And always surface with at least 50 barg.
    Diving should be a joy, but should always be understood.
    40m dives are not abnormal. Many wreck dives are 40m+. I
    Reading the comments, I am also under the impression that the whole story had not been told.
    Basically how can a qualified instructor run out of air??
    I hope that people are not put off diving by this!

  4. The article starts off by saying “It had been well-planned – a deep dive for four experienced scuba diving instructors……” So my reading is that all four of them were “experienced” (??) instructors, not just the one who got the bends?

    It’s a strange story, and what gets me maybe most is the tone throughout of “it was nobodys fault” when it most obviously was. That four “experienced instructors” can dive to 40m but not one of them seem to check air remaining at any point of the dive just seems unbelievable. Maybe the focus of the story should have been “are diving training standards in Cyprus extremely poor?”

    Worth an email to the BBC, linking to these comments?

  5. This BBC article has clearly ruffled some feathers in the diving community.

    After a couple of Google hits I was able to find the article below written by someone who on paper would be far more experienced than myself and in my opinion breaks his arguments down much better however he holds no punches and is much less forgiving of the diver in question.

    Its worth reading some of the responses to his article also, there is one suggestion that the real story is that they busted past 40m and had to come up with a “plausible” story – this would make sense if your trying not to void your insurance cover.

    This article seems to also be doing the rounds on Scuba Board also.

    Either way I’m glad its not just me who thought this story smelt as bad as a mold encrusted drysuit coming out of storage!

  6. Since my previous post I’ve read the full transcript of the original interview, and a couple of things may be down to sloppy journalism by the BBC (the interviewer talks of “oxygen tanks”……..!) and amongst other things she has translated his original “dive professionals” into “experienced instructors”.

    That said, I’m inclined to go along with what is said in the link given above as the most likely explanation for this unbelievable story – that what he told the reporter is “economical with the truth” – to put it kindly. And the most plausible explanation is that at least some of them went much deeper than 40m. Let’s say they all went to 40m, then two decided to do a deep bounce, whilst the other pair stayed at 40m. Suddenly that helps explain why first two run out of air together at 40m, (they’d been much deeper) then the remaining two on the way up. And maybe also explains why two got bent, and two didn’t?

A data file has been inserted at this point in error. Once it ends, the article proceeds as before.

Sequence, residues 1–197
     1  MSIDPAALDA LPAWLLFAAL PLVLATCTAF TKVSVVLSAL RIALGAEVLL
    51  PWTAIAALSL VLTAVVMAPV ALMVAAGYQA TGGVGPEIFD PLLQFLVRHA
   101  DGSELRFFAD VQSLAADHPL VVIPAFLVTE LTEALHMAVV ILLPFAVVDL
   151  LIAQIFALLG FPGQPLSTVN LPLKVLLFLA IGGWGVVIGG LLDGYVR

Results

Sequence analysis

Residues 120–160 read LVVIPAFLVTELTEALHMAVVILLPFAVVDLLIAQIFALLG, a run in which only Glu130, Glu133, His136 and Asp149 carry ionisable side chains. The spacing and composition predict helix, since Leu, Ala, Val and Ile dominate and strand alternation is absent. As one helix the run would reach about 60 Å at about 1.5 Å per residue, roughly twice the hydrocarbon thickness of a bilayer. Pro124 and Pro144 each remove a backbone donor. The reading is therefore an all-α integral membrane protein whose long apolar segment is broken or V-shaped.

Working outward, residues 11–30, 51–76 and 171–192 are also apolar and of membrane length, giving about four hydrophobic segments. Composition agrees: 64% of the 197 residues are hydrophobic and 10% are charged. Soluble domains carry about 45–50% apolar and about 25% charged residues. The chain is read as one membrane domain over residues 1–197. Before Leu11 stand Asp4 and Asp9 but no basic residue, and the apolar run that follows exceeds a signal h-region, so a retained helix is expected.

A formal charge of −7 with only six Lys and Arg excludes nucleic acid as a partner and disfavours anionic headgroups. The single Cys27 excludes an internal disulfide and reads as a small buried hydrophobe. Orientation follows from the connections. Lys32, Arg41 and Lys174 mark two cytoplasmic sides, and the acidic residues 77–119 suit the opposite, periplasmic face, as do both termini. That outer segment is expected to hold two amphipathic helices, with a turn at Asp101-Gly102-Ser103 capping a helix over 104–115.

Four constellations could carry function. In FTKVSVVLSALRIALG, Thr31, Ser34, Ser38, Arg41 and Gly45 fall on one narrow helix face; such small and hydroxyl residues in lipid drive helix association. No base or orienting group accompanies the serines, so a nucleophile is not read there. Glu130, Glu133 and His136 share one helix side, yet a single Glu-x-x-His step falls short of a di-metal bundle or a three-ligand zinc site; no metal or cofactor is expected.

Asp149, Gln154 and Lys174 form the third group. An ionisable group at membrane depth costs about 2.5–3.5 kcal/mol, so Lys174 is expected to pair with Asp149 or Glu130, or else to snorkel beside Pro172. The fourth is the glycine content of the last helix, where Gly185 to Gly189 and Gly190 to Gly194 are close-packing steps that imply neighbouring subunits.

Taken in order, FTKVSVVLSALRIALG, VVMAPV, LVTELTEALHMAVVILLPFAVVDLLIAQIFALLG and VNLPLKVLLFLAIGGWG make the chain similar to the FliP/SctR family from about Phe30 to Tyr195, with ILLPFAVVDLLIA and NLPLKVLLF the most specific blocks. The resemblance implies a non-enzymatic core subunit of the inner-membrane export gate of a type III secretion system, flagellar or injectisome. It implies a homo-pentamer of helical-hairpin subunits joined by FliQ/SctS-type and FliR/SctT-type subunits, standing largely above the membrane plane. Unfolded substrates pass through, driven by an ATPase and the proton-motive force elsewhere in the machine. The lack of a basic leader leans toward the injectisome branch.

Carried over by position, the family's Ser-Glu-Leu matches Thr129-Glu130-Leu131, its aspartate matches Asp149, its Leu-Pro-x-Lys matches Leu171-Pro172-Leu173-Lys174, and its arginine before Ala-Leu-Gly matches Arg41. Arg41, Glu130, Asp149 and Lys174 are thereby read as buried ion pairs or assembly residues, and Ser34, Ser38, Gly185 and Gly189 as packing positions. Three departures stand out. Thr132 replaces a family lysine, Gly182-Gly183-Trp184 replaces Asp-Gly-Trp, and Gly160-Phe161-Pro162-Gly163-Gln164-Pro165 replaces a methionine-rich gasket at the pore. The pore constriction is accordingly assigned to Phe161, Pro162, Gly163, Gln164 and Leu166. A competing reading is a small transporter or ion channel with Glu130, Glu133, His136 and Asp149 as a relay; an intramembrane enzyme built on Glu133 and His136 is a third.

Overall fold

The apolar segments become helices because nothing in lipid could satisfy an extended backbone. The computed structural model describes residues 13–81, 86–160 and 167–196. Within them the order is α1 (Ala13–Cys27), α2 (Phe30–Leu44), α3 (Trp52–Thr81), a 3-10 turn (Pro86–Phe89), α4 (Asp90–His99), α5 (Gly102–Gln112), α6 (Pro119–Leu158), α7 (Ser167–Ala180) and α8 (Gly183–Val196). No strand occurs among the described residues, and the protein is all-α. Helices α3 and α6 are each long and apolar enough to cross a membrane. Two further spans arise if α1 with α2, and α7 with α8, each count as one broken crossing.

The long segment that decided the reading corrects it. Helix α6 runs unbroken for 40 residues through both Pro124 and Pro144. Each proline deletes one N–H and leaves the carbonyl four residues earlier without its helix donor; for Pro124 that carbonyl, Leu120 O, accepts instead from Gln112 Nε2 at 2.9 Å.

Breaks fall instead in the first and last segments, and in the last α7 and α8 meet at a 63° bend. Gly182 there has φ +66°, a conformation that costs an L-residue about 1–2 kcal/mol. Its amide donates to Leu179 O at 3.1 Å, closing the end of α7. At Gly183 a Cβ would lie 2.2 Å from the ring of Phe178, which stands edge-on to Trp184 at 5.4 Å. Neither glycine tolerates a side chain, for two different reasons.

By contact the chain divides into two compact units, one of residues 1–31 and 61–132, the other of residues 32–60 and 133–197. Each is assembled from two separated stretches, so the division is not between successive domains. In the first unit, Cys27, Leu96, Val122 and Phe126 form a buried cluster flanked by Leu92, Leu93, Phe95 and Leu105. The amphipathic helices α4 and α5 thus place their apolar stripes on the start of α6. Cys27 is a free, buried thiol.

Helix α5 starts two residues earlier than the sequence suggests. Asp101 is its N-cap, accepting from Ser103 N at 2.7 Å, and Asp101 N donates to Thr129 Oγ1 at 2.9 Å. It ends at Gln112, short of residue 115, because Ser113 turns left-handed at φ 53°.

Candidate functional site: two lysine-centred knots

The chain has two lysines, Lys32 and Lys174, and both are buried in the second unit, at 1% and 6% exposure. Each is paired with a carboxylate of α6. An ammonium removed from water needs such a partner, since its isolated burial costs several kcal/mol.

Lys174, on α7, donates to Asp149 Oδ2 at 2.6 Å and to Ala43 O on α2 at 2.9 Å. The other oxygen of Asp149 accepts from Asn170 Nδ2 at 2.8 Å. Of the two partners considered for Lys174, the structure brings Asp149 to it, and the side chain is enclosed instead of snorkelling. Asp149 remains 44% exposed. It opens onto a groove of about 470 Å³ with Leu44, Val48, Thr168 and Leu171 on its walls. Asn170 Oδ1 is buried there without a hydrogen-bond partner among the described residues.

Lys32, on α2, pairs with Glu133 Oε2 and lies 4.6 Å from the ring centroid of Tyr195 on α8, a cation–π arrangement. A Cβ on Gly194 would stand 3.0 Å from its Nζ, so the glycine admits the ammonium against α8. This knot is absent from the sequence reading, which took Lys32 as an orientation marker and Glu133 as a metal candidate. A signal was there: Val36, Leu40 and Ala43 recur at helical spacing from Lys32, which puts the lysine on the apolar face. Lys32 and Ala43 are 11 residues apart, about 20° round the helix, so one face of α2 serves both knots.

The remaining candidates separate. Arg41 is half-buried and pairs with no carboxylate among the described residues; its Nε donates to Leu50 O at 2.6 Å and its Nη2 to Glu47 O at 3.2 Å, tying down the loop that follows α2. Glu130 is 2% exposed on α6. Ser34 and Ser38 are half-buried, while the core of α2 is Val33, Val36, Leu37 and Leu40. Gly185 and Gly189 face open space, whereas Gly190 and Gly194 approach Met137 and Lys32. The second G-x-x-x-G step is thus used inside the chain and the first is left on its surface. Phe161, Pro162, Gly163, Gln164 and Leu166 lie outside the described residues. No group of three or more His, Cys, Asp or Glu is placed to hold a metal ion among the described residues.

Evidence? Well, maybe no smoking guns, but he says in the transcript: ” It was our day off so me and a couple of the other people that I worked with, so all dive professionals, we decided to go a little bit deeper than normally. Obviously we’re all trained in deep diving and stuff like that. And just decided yeah, let’s try this. Obviously being young you want to kind of push the limits a little bit. ”

    Which is a little odd. One moment he talks about being “trained in deep diving and stuff like that”, next about “kind of push the limits a little bit”. So if he was “trained in deep diving”, would 40m in those waters really seem like “pushing the limits”? But it would make much more sense if the “pushing the limits” was well below 40m…… but he’s not going to admit such, is he?

    But maybe the dumbest thing after something like this (assuming what he says in the interview is indeed not the whole truth) is giving such an interview, when it so obviously doesn’t stack up to anybody with diving knowledge? We may all do things we regret from time to time, and I can see why (for insurance reasons?) he may have wanted to not tell the whole story at the time – but isn’t it then common sense to just keep quiet? And certainly not give a BBC interview!!

    I can only wonder if he is aware of the storm all this has caused……!!

Leave a Reply

Your email address will not be published. Required fields are marked *

This site uses Akismet to reduce spam. Learn how your comment data is processed.

Close search
Back To Top

By continuing to use the site, you agree to the use of cookies. more information

The cookie settings on this website are set to "allow cookies" to give you the best browsing experience possible. If you continue to use this website without changing your cookie settings or you click "Accept" below then you are consenting to this.